Insurance

non-confiscation clause

What is a non-forfeitable clause?

A non-confiscation (sometimes hyphenated) clause is an insurance policy clause that states that the insured can receive all or part of the benefit or a partial refund of the premium if it lapses due to non-payment. Standard life insurance and long-term care insurance may have non-forfeiture clauses. The clause may involve a refund of a portion of the total premiums paid, the policy’s cash surrender value or a reduced benefit based on premiums paid before the policy lapses.

key takeaways

  • A non-confiscation clause is an insurance policy clause that provides for full or partial payment or partial refund of premiums if the insured lapses due to non-payment.
  • Permanent life, long-term disability, and long-term care insurance policies may have non-forfeiture clauses.
  • With a traditional whole life policy, the owner decides which of four ways they want to capture the cash value of the policy.

How the non-confiscation clause works

The non-forfeiture option is available when the owner of a whole life insurance policy chooses to surrender. Insurance companies guarantee a minimum cash value of the policy after a specific period, usually three years from the effective date.

With a traditional whole life policy, the owner decides which of four ways (see below) they want to capture the cash value of the policy. Variable and universal life insurance policies do not guarantee a minimum coverage amount and allow variable investments. In addition, the reduced paid or deferred insurance amount may be reduced if the sub-account of the policy is underperforming or has a lower credit rate.

Life insurance policyholders can choose one of four non-forfeiture benefit options: cash surrender value, extended term coverage, loan value, and fully paid coverage.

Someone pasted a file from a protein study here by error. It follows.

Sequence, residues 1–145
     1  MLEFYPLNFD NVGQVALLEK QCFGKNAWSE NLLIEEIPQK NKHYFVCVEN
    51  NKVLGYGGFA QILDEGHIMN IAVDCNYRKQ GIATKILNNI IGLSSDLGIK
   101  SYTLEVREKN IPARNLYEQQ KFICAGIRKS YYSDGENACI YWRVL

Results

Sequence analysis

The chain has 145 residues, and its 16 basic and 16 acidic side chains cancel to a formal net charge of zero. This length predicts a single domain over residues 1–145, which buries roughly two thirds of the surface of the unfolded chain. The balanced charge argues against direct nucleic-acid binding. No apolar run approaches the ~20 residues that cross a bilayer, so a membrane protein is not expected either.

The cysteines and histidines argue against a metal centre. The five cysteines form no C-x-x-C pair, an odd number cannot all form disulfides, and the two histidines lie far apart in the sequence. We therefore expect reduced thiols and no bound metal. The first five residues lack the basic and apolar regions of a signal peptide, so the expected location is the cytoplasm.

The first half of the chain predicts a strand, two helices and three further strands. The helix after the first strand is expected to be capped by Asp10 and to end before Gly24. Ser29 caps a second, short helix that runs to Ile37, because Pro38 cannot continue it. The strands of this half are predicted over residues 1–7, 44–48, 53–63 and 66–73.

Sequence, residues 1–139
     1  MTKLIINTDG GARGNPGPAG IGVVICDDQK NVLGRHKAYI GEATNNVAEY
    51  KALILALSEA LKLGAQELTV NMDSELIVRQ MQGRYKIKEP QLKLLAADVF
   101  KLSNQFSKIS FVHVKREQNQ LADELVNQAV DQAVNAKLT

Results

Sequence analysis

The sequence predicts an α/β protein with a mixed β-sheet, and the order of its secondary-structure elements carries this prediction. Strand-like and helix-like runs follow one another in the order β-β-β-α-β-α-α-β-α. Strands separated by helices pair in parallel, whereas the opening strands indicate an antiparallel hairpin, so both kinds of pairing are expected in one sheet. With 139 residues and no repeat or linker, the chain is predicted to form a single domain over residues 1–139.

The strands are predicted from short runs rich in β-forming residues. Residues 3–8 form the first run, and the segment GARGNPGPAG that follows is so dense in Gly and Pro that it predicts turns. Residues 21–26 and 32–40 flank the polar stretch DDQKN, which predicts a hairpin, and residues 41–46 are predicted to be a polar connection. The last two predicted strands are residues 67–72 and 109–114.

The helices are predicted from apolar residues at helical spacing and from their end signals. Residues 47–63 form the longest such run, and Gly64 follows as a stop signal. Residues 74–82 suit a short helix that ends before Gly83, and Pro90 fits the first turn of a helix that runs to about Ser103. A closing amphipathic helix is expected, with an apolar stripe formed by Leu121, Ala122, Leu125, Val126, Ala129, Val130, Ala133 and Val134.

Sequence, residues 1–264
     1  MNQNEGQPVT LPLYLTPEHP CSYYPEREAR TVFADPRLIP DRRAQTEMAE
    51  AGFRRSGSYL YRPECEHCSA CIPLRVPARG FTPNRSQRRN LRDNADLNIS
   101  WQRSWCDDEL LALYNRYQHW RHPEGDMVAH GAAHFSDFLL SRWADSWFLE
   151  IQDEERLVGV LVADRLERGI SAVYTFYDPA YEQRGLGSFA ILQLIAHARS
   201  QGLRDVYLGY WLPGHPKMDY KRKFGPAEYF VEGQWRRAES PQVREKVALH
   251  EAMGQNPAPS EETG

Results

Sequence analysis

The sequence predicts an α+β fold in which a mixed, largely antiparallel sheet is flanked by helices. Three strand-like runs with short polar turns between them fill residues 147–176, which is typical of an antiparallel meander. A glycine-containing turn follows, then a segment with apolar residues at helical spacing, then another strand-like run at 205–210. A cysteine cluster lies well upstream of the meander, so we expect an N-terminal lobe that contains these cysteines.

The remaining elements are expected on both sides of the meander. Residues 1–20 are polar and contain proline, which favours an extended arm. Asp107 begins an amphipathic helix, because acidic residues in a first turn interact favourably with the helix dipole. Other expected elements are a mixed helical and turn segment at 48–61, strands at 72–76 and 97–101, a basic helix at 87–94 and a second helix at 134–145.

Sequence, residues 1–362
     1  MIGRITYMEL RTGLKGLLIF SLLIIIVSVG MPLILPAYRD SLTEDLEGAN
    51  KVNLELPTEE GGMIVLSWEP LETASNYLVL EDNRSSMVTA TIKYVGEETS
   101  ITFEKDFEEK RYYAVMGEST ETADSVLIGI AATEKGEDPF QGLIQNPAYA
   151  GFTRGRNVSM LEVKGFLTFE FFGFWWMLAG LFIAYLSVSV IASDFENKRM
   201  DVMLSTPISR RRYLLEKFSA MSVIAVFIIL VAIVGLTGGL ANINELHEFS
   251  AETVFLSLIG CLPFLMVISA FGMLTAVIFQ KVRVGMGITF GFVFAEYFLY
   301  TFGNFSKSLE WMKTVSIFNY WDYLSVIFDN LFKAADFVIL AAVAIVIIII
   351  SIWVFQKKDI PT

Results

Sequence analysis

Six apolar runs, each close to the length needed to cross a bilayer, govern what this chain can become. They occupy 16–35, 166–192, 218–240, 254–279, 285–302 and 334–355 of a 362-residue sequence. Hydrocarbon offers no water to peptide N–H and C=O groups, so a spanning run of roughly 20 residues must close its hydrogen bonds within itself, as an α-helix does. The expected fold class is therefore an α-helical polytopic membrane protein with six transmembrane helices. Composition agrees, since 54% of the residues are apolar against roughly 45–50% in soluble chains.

In a whole life insurance policy, if you fail to pay your premiums within the grace period, you will not lose your life insurance; your accumulated cash value will save you with the following options:

  1. You can terminate the policy and receive a cash surrender value.
  2. You can reduce your coverage for the remainder of your policy without future premiums. (i.e. fully paid policy).
  3. You can use the accumulated cash value to pay future premiums (also called an automatic premium loan).
  4. You can use the remaining cash surrender value to purchase a long-term policy. (No additional premium required).

If the policyholder does not make a choice, the terms of the policy usually dictate which option will come into effect in the event of a lapse or surrender of the policy.

Payment options under non-forfeitable clauses

After you abandon your whole life insurance policy, the death benefit no longer exists. The outstanding loan amount meets the cash value before payment to the policyholder.

Some companies also offer annuity options in non-forfeiture clauses. The remaining cash value can be used to purchase commission- or fee-free annuities. An annuity pays periodic payments as specified in the contract.

Cash Surrender Value

Here, the policyholder receives the remaining cash value within six months under the non-confiscation cash payment option. The cash surrender value applies to the savings portion of a whole life insurance policy paid before death. However, in the early days of a whole life insurance policy, the return on the savings component is very small compared to the premiums paid.

Cash Surrender Value is the cumulative portion of the cash value of a permanent life insurance policy that the policyholder will receive at the time of surrender.